Two more poets are to spend time this summer at William Wordsworth’s home near Ambleside, writing and meeting visitors to the house.
Kerry Darbishire and James Byrne join Kieron Winn as “poets in residence” at Rydal Mount, as part of the celebrations to mark the 250th anniversary of Wordsworth’s birth.
Each will spend a week living and working at the house where visitors come to see the place where some of the world’s greatest poetry was written.
Kerry Darbishire lives on a Cumbrian fellside where most of her poetry is rooted. Since her mentorship with Judy Brown, poet in residence at the Wordsworth Trust in 2013, her poems have appeared widely in magazines and anthologies and have won many prizes.
Her first poetry collection, A Lift of Wings was published in 2014. Kay’s Ark, the story of her mother, was published in 2016. Her second poetry collection, Distance Sweet on My Tongue, was published in 2018; this gained Kerry a finalist place in the Cumbria Culture Awards. She was longlisted in the prestigious Bridport Prize 2017, and she reads her work at many Cumbrian venues.
Kerry is a member of the Brewery Poets, Dove Cottage Poets, Write on the Farm Poets and Barrow Poets and is a regular Poetry School online course student. She is currently working on her third poetry collection. She is the great great great niece of the composer Frederick Delius.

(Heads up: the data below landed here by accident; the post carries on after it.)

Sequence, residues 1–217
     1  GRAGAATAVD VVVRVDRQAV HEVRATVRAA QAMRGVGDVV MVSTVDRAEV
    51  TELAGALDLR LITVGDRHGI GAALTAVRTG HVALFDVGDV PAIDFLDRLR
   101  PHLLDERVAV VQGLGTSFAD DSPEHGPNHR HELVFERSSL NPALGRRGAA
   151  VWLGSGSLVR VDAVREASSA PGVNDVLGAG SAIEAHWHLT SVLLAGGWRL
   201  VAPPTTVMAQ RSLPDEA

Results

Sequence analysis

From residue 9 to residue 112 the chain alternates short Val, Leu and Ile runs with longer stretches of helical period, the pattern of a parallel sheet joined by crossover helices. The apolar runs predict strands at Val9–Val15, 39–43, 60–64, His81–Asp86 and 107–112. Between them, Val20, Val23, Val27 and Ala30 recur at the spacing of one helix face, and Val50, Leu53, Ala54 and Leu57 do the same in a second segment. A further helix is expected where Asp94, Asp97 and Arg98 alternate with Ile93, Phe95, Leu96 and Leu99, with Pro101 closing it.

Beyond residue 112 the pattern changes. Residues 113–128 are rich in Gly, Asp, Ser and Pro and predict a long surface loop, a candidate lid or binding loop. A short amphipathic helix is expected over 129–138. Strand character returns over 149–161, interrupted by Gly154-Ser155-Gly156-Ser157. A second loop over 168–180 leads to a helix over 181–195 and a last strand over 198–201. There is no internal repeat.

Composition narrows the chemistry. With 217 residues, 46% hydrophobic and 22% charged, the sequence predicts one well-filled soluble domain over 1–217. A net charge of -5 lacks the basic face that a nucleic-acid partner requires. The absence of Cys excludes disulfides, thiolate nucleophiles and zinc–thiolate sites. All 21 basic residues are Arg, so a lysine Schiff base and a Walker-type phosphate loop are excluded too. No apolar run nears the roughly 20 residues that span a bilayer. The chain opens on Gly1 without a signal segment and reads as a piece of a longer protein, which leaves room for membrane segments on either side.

Poet, editor, and translator James Byrne, who lives in Liverpool, is the author of the poetry collections Everything that is Broken Up Dances (2015), White Coins (2015), and Blood/Sugar (2009). He earned an MFA in poetry from New York University, where he was awarded a Stein Fellowship.
James was the poet in residence at Clare Hall, University of Cambridge, and is a senior lecturer in Creative Writing at Edge Hill University in England. He is the international editor for Arc Publications and the editor of The Wolf, which he co-founded in 2002.
James Byrne’s poems have been translated into several languages—including Arabic, Burmese, and Chinese—and he has given poetry readings across the world.
He co-translated and co-edited Bones Will Crow , the first anthology of contemporary Burmese poetry to be published in English. He is the co-editor of Voice Recognition: 21 Poets for the 21st Century, and editor of The Wolf: A Decade (2012). He is currently coediting Atlantic Drift: an Anthology of Poetry & Poetics, featuring poets from the US, UK, and Canada.
Kieron Winn, whose residency was announced last year, has twice won the University of Oxford’s most valuable literary award, the English Poem on a Sacred Subject Prize. Kieron’s first collection of poems, The Mortal Man, was published in 2015.
He lives on Osney Island in Oxford, and is a freelance teacher of creative writing and English literature, including to visiting students from the Stanford University programme in Oxford and from Lady Margaret Hall, where he has recently been poet in residence. Increasingly he visits schools to talk to pupils about form and structure in poetry.
His poems have appeared in British and American magazines, including The London Magazine, New Statesman, Oxford Magazine, The Spectator and The Times Literary Supplement. Selections of his poems also appear in anthologies and he has read his poems on BBC TV and radio.
Curator of Rydal Mount, Emily Heath, said that the residences were an exciting part of the programme of anniversary celebrations. “We are looking forward to what these three wonderful poets will write when they are here, working under the inspiration of William Wordsworth.”